How does intersectionality inform your work?

County Council work much be approached to the lens of equity and justice. Clean water and air are a human right. Transgender rights are human rights. Affordable housing is a human right. We must all work together and leave our silos if we truly want to see change in Allegheny County.

What specific authority does the County have in regard to clean water and franking? 

We can definitely ban fracking in the parks. ACHD’s water pollution control division inspects all sewage treatment plants in Allegheny County. Each plant receives a National Pollutant Discharge Elimination Permit from the state, which allows plants to discharge treated wastewater into the rivers and large streams, creeks, and tributaries. I wish we had a commission like the Delaware River Basin Commission who voted to ban fracking in the Delaware River Watershed. Why isn’t our water in Allegheny County protected, don’t we deserve clean water too?

Allegheny County extended domestic partner benefits to some employees, then rescinded them two years later when marriage equality became the law of the land. This issue impacts a few employees, but the impact is deep. “Just get married” is not a suitable HR policy. And the discrepancy in benefits blocks mergers with City offices that involve jobs because City employees have the benefits. Would you be willing to revisit this decision and work to offer family benefits to as many County employees as possible? 

I would revisit this issue and I’m hoping that the current paid sick leave ordinance, now in front of the health department, continues to incorporate “domestic partner” language, as agreed upon by the Allegheny County Council Committee of Health and Human Services. Unfortunately, when the ordinance comes back for final approval from County Council, we are only permitted to vote it up or down.

With regard to criminal justice I believe an area that could be addressed quickly is for the County to create a civilian position to complete background checks for all participating police departments (or public safety) in the County. That would be one person with well-honed skills, versus a municipal clerk doing it once a year. This person would be able to cross-check applicants, reduce individuals from jumping around departments, and prevent bad cops from joining any of the forces. Perhaps with DOJ funding to launch this, municipalities could pay a fee to subsidize the service for their departments. Ideally, the Commonwealth should do this, but the County has enough scope to make it feasible especially if you include all first responders. How would you build on ideas like this to reform the police hiring process?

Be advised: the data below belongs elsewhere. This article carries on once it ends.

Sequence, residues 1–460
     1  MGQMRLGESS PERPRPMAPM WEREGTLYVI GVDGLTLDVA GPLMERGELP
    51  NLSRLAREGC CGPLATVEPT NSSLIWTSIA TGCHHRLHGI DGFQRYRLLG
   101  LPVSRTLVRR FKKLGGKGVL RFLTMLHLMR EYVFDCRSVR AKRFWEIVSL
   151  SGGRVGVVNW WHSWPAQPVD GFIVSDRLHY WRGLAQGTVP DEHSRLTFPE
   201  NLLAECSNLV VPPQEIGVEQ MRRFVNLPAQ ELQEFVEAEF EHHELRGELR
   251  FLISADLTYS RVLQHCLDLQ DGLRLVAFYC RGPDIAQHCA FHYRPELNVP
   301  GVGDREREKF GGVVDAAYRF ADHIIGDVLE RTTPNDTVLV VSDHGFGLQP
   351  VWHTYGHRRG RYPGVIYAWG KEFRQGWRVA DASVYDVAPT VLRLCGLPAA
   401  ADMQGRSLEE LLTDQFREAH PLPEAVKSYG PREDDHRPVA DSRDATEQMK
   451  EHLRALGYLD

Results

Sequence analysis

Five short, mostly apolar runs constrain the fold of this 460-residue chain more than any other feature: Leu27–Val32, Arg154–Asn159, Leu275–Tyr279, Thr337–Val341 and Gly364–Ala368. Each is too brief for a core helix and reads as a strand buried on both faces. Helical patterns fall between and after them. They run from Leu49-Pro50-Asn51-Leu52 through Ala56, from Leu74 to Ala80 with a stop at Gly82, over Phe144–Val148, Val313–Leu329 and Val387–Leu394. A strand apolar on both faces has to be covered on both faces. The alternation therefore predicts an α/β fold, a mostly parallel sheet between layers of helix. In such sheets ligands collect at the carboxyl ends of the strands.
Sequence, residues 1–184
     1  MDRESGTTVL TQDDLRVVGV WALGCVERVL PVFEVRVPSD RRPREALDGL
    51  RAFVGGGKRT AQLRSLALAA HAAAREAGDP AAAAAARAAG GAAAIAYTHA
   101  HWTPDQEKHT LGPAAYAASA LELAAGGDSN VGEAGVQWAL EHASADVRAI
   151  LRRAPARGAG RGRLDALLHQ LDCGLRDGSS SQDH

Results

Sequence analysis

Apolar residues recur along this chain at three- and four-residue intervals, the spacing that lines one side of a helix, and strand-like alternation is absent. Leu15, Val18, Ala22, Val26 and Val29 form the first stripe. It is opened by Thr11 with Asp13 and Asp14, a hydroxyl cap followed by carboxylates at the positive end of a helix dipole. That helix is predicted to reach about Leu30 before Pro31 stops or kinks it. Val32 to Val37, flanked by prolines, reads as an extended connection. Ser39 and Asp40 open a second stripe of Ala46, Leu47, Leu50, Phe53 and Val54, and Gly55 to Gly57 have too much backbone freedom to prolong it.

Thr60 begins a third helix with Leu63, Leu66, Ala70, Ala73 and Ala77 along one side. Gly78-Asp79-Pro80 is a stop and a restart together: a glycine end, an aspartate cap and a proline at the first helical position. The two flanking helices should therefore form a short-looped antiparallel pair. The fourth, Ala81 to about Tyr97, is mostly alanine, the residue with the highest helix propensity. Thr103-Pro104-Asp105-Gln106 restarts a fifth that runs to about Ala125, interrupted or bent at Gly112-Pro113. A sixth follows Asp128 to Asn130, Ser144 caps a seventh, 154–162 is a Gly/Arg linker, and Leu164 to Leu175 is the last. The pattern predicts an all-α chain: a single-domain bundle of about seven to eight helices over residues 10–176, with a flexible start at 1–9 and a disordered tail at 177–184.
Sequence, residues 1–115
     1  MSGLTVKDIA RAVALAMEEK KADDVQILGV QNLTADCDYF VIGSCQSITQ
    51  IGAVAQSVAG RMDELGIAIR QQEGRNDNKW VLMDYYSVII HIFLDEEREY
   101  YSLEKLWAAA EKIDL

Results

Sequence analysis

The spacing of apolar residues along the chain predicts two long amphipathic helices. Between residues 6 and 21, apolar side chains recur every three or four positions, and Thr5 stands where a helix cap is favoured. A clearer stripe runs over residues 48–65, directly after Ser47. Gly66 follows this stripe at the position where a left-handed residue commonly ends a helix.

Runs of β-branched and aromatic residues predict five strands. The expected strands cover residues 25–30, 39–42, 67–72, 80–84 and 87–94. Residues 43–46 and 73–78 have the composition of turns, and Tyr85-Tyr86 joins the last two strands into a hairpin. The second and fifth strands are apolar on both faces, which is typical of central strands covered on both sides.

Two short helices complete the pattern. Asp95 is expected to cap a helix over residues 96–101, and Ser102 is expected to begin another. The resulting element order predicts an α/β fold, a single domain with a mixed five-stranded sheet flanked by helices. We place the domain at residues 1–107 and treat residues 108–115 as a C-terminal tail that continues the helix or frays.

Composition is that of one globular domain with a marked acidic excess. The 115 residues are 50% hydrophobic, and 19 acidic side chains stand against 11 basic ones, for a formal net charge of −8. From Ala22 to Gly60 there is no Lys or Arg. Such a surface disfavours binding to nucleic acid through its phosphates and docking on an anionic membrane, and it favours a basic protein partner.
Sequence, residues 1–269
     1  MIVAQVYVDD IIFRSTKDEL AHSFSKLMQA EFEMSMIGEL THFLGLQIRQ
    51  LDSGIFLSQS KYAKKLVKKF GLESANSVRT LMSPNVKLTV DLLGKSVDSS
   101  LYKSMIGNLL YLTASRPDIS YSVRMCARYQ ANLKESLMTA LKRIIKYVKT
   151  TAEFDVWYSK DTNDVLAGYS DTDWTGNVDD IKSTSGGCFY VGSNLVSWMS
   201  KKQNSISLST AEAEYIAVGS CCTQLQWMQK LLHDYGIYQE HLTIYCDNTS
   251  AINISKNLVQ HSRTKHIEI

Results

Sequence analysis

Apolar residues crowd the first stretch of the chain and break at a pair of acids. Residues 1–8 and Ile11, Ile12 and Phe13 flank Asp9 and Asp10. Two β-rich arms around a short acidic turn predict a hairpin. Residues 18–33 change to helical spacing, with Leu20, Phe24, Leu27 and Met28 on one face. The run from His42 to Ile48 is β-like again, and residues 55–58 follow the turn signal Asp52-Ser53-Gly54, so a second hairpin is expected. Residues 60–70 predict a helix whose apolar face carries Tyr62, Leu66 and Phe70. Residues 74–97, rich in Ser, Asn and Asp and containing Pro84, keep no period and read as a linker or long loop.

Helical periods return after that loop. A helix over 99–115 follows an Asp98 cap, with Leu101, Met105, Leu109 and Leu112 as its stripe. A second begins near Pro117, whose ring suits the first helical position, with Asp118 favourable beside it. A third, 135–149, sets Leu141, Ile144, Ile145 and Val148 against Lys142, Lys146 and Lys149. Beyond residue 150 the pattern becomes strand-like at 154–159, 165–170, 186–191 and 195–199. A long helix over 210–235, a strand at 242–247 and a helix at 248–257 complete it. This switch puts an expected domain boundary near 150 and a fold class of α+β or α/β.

I agree completely, had we had this in place, Antwon Rose, would be still with us. East Pittsburgh was criminally negligent for neglecting to do a proper background check on Michael Rosfeld. We need to build ideas like this into our current discussion regarding the Independent Civilian Police Review Board.

How do competitive primary elections benefit the residents of Allegheny County? 

I believe this is so important, an opportunity to discuss issues, so each party can galvanize around their best choice in the general election. In some districts in Allegheny County, the election is decided at the primary level.

Tell me about your endorsements and supporters.

Although early in the cycle and unopposed in the primary, I have secured the endorsement from DSA, Sunrise, Stonewall Democrats and WTF! And most important, my two progressive allies on Council, Liv Bennett and Bethany Hallam.

Where can readers find your campaign on social media? How can they donate to your campaign?

Please check out anitaprizio.org

Thank you, Anita.


Other Q&A’s in this election cycle series. You can read previous cycle Q&A’s here.

  1. Q&A With Bill Peduto, Mayor of the City of Pittsburgh
  2. Q&A With Ed Gainey, Candidate for Mayor City of Pittsburgh
  3. Q&A With Raymond Robinson, Candidate for Magisterial District Judge 05-02-42
  4. Q&A with Bethani Cameron, Candidate for City Council District 4
  5. Q&A with Hilary Wheatley Taylor, Candidate for Magisterial District Judge for District 05-2-19
  6. Q&A with Connor Mulvaney, Candidate for City Council District 4
  7. Q&A with Judge Derwin Rushing, Candidate for Magisterial District Judge 5-2-40
  8. Q&A with Alyssa Cowan, Candidate for Court of Common Pleas Judge
  9. Q&A with Anita Prizio, Allegheny County Councilor District 3